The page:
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Aphis chloris

St John's wort aphid, Hypericum aphid

On this page: Identification & Distribution Other aphids on the same host

Identification & Distribution:

Aphis chloris (St John's wort aphid, Hypericum aphid) is rather bright green, pale yellow-green or dark green and is a member of Aphis frangula group. It has dark siphunculi but a rather pale cauda. The abdominal dorsum is usually entirely membranous with few if any sclerotized areas. Trochantral hairs are short and all femoral hairs are much shorter than the least tibial width. The body length of Aphis chloris apterae is 1.0-1.8 mm. The alate has dusky marginal and postsiphuncular sclerites and bands across tergites 7-8 or 6-8.

There are taxonomic problems surrounding this aphid. Stroyan (1984) provided a detailed description of Aphis chloris and stated that it lived in ant-attended colonies at stem bases of Hypericum perforatum just below the soil surface or occasionally on aerial parts. But he noted another 'as yet undescribed' species found several times on Hypericum androsaemum and Hypericum calycinum which differed from Aphis chloris in having longer trochantral hairs. Blackman covers the undescribed species as 'Aphis sp. (Stroyan 1984,124)'.

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The St John's Wort aphid does not host alternate. It lives on Hypericum spp. especially St John's Wort (Hypericum perforatum).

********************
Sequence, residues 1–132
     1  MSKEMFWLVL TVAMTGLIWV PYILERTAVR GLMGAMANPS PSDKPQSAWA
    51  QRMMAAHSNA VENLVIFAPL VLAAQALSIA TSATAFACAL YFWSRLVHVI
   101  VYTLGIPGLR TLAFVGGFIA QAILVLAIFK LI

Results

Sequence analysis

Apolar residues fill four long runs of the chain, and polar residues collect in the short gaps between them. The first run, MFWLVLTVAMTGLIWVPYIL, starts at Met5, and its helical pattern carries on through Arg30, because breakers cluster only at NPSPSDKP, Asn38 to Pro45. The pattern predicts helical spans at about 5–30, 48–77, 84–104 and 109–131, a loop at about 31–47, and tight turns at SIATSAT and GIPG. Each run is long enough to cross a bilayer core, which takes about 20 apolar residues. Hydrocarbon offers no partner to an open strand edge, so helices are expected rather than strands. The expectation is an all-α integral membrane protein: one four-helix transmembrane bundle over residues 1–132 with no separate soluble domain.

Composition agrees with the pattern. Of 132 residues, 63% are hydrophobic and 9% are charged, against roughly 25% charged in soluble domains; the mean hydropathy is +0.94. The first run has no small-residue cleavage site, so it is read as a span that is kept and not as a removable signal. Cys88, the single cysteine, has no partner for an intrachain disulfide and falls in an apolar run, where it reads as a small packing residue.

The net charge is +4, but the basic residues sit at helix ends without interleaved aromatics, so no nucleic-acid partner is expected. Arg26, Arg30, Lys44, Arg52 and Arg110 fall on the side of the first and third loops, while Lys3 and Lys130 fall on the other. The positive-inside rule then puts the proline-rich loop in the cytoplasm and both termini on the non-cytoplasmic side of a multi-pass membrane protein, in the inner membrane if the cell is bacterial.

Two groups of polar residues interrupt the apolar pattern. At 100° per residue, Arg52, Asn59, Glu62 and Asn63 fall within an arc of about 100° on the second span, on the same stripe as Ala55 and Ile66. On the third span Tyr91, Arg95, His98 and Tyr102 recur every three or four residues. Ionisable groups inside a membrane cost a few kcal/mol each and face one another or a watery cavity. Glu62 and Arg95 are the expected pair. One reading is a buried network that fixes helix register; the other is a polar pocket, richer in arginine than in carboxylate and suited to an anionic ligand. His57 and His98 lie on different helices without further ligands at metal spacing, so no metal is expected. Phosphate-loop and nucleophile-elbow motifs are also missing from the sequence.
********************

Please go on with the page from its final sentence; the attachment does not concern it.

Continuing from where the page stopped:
Other aphids on same host:

Blackman & Eastop list 10 species of aphid as feeding on St John's wort (Hypericum perforatum) worldwide, and provide formal identification keys.

Of those aphid species, Baker (2015) lists 8 as occurring in Britain: Aphis chloris, Aphis craccivora, Aphis fabae, Aphis gossypii, Aphis spiraecola, Aulacorthum solani, Macrosiphum euphorbiae and Myzus persicae.


Whilst we make every effort to ensure that identifications are correct, we cannot absolutely warranty their accuracy. We have mostly made identifications from high resolution photos of living specimens, along with host plant identity. In the great majority of cases, identifications have been confirmed by microscopic examination of preserved specimens. We have used the keys and species accounts of Blackman & Eastop (1994) and Blackman & Eastop (2006) supplemented with Blackman (1974), Stroyan (1977), Stroyan (1984), Blackman & Eastop (1984), Heie (1980-1995), Dixon & Thieme (2007) and Blackman (2010). We fully acknowledge these authors as the source for the (summarized) taxonomic information we have presented. Any errors in identification or information are ours alone, and we would be very grateful for any corrections. For assistance on the terms used for aphid morphology we suggest the figure provided by Blackman & Eastop (2006).

Useful weblinks


  •  Blackman, R. L. & Eastop, V. (2006). Aphids on the World's Herbaceous Plants and Shrubs. Vols 1 & 2. J. Wiley & Sons, Chichester, UK. Full text

  •  Hill, D.S. (1987). Agricultural insect pests of temperate regions and their control. CUP, Cambridge.

  •  Stroyan, H.L.G. (1984). Aphids - Pterocommatinae and Aphidinae (Aphidini). Handbooks for the identification of British insects. 2(6) Royal Entomological Society of London.